By Joseph Catanzaro and Chen Yingqun ( China Daily Africa)
African artists create greater understanding by portraying life in China, an exhibition in Beijing reveals
In a Kansas schoolyard in 1979, alone in a crowd of children at play, Akonga Jonas Theodore made a discovery that would determine the course of his adult life.
Newly arrived in the United States, the 7-year-old from the Democratic Republic of Congo was isolated from the other children by barriers of language and culture.
In that lonely place, Akonga found his voice and his calling.
He spoke to his playmates not in the tongue of his African homeland, but in the scratchy whisper of pencil on paper, in the language of lines and shading.
“I took a pencil, and I drew what I wanted to say,” Akonga remembers. “This is how I started using art to communicate with people.”
It is a skill the now Beijing-based 41-year-old still uses.
“I did the same thing when I moved to China in 2003,” he says.
Paints and brushes have become Akonga’s communication tools along with English and Mandarin. Using art to transcend language and culture has become his profession, as well as his passion.
On Nov 22, his work appears as part of a groundbreaking exhibition in Beijing that documents through paintings, drawings and photographs the experiences of Africans living in China.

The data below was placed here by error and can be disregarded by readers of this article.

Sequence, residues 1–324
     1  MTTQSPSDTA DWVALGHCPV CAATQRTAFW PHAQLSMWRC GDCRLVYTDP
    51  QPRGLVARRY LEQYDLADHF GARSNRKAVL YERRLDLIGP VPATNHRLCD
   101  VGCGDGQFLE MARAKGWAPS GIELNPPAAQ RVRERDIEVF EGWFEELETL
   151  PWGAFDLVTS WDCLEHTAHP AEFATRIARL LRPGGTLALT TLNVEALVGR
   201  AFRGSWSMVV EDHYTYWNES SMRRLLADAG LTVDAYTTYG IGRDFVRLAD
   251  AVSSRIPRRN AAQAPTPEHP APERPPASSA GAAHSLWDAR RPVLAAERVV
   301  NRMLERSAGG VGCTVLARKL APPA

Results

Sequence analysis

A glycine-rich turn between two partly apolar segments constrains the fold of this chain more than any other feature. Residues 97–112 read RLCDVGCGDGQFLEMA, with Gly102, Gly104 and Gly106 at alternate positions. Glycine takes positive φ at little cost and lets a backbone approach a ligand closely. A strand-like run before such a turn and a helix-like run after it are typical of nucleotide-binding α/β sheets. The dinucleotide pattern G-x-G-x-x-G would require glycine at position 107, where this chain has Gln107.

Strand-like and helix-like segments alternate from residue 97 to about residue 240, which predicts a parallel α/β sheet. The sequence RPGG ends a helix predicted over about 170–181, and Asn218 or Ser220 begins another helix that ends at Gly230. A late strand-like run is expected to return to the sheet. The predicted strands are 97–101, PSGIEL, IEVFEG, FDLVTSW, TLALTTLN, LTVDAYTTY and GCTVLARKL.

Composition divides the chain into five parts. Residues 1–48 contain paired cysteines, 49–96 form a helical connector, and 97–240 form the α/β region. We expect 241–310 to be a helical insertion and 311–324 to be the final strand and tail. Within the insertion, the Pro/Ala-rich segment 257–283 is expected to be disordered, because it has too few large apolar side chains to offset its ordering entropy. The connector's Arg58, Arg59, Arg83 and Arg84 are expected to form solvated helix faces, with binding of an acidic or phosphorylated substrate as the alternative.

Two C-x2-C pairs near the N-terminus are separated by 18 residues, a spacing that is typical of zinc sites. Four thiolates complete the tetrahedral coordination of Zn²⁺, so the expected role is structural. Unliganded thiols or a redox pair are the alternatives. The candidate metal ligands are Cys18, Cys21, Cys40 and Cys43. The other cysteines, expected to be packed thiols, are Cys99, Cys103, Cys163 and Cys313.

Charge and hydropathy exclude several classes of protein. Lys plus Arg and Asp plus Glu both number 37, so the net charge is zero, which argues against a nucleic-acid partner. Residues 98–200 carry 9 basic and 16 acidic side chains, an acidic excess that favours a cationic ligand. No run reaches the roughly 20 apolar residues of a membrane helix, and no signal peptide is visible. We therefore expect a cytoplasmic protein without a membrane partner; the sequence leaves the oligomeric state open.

The driving force behind the exhibition, Beijing-based photographer and artist Njoku “Saint Jerry” Ajike, says he wants to reveal the largely untold journey that African immigrants have undertaken in China over the past decade.
When the 37-year-old Nigerian artist arrived in Beijing five years ago, he says he felt constrained by an erroneous stereotype that Africans were just out to make a buck any which way they could.
Few people, he says, realized what the African community was giving back to Beijing and the other Chinese cities where they had made lives and homes.
“The story of Africa in China is all hustle and bustle,” he says. “This exhibition is a different view of Africans in China. It is archival, what Africans were able to discover here, what they built.”
Believed to be the first African photographer to have his work featured in China’s renowned Pingyao Photo Festival, in 2009 Njoku began publishing LensAfrik, a magazine focused on telling the African story in the world’s second-largest economy.
0 comments on “[ART] Pictures open doors between cultures: Congolese and Nigerian artists in China”